Group Therapy

Group therapy provides a unique and important way to learn about one’s self and one’s relationships, to gain confidence, develop new skills and abilities, and to give and receive support and feedback from others. For many types of problems, group therapy is the treatment of choice. Group therapy provides the opportunity to observe others solving their problems, the advantage of a network of support, and is especially helpful in building trust, self-acceptance, intimacy, communication skills and empathy.

Although groups may differ, most meet weekly for 60 to 90 minutes, include approximately six to ten group members, and have mental health professionals who act as leaders/facilitators. Open groups meet on an ongoing basis and generally permit members to join and finish at different times. Closed groups usually meet for a predetermined number of sessions, with all members joining and ending together. There are many different types of groups including psychoeducational groups, support groups and general psychotherapy groups.

Psychoeducational groups help participants to develop new skills as they acquire and share information. These groups are often organized around topic areas, such as managing stress, assertion skills, or coping with depression.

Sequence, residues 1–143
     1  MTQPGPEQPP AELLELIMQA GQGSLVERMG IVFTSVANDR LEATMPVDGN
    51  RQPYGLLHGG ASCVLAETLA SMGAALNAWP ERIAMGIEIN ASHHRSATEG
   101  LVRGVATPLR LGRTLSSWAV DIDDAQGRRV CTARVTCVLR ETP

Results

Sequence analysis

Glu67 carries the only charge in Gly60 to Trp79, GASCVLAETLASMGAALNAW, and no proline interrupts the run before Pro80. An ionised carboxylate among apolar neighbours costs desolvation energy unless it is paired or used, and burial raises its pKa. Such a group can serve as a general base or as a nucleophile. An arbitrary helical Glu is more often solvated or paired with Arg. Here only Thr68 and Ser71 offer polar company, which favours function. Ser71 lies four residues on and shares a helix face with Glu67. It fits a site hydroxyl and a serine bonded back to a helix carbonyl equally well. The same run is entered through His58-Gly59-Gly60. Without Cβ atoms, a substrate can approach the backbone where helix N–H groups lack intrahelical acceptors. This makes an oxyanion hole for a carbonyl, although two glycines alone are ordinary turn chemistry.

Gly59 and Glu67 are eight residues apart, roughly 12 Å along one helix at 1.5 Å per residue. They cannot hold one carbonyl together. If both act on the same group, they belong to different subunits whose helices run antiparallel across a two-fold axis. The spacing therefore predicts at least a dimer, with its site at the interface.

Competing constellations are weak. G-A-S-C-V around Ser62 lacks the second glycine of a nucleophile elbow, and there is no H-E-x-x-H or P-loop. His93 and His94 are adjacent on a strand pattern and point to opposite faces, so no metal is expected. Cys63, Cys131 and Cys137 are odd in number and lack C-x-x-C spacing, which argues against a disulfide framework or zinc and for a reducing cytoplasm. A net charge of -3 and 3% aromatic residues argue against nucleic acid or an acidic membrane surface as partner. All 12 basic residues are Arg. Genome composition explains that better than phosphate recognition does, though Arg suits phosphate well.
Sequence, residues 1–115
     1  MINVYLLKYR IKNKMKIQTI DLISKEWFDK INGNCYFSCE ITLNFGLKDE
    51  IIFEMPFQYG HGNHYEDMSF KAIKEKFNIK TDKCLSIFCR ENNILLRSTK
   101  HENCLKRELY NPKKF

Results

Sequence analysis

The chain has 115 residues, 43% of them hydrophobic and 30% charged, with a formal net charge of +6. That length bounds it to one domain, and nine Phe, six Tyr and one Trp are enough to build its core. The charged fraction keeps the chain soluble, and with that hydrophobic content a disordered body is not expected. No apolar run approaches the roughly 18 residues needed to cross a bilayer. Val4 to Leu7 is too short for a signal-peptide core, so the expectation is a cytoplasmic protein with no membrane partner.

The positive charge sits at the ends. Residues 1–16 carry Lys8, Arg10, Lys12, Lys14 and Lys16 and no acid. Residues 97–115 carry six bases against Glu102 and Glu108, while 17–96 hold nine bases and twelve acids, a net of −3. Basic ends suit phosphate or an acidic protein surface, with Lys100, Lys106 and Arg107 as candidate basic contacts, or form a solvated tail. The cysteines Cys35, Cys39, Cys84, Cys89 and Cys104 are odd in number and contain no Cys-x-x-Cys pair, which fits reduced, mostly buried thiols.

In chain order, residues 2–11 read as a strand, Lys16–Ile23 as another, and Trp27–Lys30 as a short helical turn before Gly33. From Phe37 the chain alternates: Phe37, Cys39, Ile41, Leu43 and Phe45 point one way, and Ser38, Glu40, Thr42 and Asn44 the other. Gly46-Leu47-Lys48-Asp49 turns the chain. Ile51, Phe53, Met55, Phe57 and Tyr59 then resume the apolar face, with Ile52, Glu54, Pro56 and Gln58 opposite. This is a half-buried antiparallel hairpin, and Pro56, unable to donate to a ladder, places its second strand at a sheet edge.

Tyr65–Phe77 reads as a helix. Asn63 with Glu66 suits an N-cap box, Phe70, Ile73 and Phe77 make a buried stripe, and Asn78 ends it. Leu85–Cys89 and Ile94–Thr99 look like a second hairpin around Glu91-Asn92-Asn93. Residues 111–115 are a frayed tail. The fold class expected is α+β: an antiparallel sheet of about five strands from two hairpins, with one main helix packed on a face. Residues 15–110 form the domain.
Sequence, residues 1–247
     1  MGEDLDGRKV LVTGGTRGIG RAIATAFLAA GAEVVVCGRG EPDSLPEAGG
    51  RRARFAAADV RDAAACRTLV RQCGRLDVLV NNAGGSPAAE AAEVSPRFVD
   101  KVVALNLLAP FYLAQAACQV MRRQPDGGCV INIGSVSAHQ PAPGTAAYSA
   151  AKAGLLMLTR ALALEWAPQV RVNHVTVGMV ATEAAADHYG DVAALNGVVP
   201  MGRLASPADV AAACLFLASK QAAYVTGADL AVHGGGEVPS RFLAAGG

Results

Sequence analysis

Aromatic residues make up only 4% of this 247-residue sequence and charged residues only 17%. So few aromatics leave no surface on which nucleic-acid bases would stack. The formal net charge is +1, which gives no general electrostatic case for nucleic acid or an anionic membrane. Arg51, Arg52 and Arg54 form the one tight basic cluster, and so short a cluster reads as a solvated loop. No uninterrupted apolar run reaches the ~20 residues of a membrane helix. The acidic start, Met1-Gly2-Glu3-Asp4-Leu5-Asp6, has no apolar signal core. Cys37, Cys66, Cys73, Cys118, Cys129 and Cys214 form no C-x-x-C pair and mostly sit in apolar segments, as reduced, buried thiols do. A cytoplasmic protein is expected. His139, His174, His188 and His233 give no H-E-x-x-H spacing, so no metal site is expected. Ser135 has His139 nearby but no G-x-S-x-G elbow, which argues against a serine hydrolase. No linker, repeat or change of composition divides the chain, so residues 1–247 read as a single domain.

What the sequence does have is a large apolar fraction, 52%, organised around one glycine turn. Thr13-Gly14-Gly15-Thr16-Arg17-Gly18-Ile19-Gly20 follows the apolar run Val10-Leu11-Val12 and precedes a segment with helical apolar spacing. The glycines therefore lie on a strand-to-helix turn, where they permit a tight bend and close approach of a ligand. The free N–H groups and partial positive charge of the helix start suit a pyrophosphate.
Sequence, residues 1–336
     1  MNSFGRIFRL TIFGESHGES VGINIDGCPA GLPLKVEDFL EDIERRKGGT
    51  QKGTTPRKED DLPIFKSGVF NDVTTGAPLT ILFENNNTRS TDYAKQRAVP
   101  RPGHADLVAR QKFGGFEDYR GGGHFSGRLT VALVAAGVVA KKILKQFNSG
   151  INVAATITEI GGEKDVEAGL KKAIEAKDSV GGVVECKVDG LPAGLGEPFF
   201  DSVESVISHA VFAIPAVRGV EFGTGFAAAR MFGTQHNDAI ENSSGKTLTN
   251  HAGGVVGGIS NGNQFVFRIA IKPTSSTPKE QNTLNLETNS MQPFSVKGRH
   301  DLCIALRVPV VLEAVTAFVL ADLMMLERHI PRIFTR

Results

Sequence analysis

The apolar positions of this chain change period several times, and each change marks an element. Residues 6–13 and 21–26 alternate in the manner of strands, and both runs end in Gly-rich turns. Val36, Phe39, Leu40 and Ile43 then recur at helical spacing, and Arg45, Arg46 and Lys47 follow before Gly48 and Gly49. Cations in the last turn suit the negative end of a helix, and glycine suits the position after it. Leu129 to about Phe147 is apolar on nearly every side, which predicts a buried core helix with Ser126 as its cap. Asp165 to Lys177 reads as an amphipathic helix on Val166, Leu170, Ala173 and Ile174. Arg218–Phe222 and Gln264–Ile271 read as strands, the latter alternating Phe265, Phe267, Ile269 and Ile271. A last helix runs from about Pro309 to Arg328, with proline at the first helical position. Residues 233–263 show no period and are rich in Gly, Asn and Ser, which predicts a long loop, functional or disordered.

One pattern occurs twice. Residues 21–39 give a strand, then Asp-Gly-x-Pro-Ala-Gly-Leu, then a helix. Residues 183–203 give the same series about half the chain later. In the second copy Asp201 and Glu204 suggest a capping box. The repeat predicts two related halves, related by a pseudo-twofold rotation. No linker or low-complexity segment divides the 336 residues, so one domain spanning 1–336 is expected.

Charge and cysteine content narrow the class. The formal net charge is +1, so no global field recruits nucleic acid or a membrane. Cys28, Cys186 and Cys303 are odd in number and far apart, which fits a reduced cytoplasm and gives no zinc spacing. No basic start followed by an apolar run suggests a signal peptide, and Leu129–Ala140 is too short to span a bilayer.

Support groups also often include individuals who share common problems or issues and who are seeking help as they adjust to new roles or experiences. Examples include groups established to help individuals cope with parental divorce, sexual assault, bereavement, sexual orientation issues, and family substance abuse.

General psychotherapy groups aim to bring together individuals with diverse concerns and issues. All participants however, share a commitment to developing increased personal effectiveness and self-understanding, through the process of personal disclosure.

Another important part of any group experience is the effort and commitment shared by all in the creation of a safe, supportive environment in which to learn and grow. Group members are expected to respect and encourage each other and to work together to build trust. Members are expected to share aspects of themselves, their concerns, and their feelings, as they become comfortable in doing so. While everyone is encouraged to actively participate, no one is ever forced to speak. Just as confidentiality is a group norm, so too is respect for each person’s right to privacy and right to participate at a personal pace.

Useful Links:
www.agpa.org
www.group-psychotherapy.com